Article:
Mechanical instrument (USA)
- Edmond T. Johnson
A musical instrument that features some amount of mechanical automation, typically enabling it to perform music from previously programmed media. Such instruments vary in their degree of autonomy, ranging from devices that can perform virtually independently (provided with a source of power), to those which require a significant amount of human control. See Player piano for discussion of barrel pianos, player pianos, and reproducing pianos.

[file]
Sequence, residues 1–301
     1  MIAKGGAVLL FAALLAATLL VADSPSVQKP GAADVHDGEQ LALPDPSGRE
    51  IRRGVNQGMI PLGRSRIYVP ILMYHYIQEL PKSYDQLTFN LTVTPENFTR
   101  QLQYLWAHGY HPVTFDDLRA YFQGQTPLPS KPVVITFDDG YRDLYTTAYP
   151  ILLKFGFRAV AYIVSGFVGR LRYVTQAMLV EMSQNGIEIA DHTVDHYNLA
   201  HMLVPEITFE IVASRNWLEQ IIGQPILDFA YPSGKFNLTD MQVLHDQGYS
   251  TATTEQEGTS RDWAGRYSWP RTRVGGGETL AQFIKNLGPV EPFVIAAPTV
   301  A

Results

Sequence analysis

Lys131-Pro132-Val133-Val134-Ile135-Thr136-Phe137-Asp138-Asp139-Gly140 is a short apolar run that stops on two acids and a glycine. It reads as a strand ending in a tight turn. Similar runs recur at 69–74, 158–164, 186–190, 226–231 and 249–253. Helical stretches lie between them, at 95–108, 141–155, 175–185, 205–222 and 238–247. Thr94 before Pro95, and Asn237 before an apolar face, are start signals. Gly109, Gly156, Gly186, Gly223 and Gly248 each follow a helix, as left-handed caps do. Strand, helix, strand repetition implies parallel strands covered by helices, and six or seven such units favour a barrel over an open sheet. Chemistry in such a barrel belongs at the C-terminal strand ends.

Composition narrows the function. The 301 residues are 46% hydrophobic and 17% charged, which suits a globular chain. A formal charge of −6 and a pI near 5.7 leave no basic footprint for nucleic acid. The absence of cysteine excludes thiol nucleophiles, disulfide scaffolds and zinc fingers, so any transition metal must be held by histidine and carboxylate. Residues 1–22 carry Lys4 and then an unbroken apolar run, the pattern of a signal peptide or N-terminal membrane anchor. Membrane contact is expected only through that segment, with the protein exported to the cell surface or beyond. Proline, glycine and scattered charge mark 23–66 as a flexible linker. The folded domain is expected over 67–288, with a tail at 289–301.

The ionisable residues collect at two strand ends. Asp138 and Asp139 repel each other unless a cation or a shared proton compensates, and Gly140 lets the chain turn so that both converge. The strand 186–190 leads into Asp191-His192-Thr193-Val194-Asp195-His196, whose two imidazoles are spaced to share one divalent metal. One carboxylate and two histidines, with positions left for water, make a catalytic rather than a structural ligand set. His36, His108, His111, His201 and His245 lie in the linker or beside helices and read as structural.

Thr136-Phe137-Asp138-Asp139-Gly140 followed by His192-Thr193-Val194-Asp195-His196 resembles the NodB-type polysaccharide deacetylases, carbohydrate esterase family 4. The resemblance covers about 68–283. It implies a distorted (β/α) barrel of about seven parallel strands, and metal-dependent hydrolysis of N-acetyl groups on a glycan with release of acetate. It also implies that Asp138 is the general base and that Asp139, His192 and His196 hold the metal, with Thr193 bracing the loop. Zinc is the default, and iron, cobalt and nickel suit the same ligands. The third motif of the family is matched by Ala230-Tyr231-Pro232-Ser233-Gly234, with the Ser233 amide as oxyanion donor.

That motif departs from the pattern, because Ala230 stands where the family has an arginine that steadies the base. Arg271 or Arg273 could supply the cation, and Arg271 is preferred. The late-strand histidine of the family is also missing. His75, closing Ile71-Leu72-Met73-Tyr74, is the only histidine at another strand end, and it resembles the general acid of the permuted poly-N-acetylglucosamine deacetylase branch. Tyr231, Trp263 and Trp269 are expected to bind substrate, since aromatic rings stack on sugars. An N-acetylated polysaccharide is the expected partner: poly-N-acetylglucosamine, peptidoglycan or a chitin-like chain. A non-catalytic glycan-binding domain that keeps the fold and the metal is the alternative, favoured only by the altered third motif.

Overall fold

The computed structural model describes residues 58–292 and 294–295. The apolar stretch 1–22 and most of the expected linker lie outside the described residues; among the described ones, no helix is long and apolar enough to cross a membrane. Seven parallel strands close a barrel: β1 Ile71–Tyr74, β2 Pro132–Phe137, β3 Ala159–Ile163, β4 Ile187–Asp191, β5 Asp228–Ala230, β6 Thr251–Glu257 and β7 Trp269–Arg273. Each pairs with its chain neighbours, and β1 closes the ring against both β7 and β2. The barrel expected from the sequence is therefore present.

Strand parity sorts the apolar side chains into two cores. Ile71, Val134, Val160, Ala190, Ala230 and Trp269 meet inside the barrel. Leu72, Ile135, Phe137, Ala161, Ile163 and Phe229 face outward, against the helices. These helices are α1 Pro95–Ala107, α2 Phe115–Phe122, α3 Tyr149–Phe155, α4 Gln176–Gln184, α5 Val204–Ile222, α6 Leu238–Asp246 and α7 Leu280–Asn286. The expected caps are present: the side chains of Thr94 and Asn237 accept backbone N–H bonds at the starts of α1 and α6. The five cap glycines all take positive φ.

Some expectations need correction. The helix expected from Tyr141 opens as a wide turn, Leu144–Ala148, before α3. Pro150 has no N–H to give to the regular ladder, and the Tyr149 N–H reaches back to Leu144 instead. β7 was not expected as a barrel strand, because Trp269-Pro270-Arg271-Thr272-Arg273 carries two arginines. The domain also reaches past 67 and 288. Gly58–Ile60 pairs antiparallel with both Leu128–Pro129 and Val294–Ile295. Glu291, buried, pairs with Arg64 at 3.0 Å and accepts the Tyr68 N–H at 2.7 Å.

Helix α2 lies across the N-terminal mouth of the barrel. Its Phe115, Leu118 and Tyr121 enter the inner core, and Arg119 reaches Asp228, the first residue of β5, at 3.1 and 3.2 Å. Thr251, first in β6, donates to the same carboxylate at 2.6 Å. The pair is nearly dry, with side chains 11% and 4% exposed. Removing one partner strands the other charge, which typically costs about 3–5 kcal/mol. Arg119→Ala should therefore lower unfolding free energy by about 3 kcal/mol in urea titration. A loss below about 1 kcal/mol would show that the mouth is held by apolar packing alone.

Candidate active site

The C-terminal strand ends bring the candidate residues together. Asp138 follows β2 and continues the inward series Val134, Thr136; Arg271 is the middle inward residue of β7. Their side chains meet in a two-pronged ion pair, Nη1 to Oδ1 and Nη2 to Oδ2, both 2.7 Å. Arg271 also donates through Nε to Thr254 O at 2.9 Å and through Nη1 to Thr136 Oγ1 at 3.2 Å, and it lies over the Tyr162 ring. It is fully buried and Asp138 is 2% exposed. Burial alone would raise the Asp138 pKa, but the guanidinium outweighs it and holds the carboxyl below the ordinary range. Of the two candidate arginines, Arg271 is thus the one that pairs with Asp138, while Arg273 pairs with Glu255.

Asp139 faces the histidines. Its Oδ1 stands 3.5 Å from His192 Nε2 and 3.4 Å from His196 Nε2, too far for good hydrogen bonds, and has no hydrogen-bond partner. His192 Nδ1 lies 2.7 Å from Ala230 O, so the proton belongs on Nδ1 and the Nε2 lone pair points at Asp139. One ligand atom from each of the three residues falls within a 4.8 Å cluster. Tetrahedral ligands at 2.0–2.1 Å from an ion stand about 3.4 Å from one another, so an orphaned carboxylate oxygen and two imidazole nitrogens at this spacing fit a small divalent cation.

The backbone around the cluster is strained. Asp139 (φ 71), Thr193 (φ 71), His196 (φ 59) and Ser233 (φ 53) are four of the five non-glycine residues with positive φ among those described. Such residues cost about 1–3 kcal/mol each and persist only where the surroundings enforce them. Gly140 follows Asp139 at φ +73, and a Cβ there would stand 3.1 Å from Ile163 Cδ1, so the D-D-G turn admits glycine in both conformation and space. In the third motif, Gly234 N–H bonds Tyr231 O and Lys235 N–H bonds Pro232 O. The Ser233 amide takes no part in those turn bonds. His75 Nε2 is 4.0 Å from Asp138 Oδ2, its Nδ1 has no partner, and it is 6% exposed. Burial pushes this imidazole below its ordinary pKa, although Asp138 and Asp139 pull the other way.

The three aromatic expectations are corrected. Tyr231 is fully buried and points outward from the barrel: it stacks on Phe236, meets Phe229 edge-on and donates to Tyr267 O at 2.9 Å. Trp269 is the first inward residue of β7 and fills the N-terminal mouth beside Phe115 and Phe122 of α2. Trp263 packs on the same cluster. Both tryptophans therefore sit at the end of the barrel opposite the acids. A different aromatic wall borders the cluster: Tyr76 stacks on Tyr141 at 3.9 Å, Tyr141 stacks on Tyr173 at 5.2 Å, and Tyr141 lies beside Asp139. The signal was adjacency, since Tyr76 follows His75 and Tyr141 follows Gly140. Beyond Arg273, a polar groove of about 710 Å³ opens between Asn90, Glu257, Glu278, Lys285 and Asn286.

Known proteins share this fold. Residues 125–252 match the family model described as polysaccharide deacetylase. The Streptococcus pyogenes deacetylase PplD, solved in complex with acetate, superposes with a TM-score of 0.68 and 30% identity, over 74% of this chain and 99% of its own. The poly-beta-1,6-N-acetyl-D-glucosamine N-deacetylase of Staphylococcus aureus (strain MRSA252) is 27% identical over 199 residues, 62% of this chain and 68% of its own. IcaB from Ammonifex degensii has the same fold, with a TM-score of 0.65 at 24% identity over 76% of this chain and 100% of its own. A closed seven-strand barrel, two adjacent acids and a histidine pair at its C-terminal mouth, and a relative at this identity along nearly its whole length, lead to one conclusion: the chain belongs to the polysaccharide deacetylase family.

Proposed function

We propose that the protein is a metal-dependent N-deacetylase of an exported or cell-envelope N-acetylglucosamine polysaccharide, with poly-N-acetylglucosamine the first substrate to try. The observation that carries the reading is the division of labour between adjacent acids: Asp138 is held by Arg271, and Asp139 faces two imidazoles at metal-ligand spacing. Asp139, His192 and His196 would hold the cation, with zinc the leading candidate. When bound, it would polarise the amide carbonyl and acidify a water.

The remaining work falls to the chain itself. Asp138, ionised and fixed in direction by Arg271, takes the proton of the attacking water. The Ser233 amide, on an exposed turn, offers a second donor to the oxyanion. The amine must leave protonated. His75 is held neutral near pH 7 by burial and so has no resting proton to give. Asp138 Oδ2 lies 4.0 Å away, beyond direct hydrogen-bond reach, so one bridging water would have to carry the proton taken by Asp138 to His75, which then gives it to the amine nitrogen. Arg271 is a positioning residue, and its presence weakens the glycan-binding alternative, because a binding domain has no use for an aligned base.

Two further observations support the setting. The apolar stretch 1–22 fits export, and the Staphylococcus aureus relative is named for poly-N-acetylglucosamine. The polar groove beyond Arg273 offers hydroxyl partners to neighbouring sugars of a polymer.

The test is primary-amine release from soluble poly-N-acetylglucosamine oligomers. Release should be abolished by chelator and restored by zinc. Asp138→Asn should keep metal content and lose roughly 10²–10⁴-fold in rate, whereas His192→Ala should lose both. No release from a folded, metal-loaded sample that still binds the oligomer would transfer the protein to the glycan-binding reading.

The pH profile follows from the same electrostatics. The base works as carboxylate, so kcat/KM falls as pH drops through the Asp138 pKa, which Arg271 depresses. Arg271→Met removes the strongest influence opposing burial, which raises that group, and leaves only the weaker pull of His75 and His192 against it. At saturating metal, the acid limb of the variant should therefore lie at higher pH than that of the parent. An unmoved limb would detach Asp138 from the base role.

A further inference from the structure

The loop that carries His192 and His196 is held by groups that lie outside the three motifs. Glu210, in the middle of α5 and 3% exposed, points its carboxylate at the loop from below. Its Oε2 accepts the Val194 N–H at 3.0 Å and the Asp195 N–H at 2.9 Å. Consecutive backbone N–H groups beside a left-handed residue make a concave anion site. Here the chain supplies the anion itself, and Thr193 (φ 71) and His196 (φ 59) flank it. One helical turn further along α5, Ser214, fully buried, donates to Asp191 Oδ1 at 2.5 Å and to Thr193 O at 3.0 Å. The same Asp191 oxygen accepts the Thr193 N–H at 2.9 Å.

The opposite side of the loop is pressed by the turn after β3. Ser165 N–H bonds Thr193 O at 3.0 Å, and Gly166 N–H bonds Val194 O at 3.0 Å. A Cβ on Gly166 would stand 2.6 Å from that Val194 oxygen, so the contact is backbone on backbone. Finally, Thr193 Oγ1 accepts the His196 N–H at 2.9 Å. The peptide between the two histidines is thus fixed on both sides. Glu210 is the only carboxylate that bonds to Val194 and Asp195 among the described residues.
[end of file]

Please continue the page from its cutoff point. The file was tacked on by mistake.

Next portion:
Although mechanical instruments have ancient origins, it was only in the 18th century that automated musical devices became a prominent cultural force. During this period, a variety of mechanical instruments were developed in Europe, ranging from small hand-cranked barrel organs to sophisticated musical clocks. The music box was introduced in its modern form around the turn of the 19th century. The development of the musical comb—consisting of carefully-tuned tongues cut from a thin steel plate—allowed for even palm-sized devices to offer a range of several octaves. Swiss watchmaker Antoine Favre was the first to combine the musical comb with a pinned metal barrel, producing a compact and reliable mechanism that could be installed in watches, snuff-boxes, or other small curios. Barrel organs were among the earliest mechanical instruments introduced to the United States. These organs, which typically lacked keyboards, played music from interchangeable barrels (cylinders), each of which typically contained several selections. While barrel organs were most commonly found on urban streets in the service of itinerant organ-grinders, some provided music for homes and churches. Such instruments were in use in several of the California missions as early as ...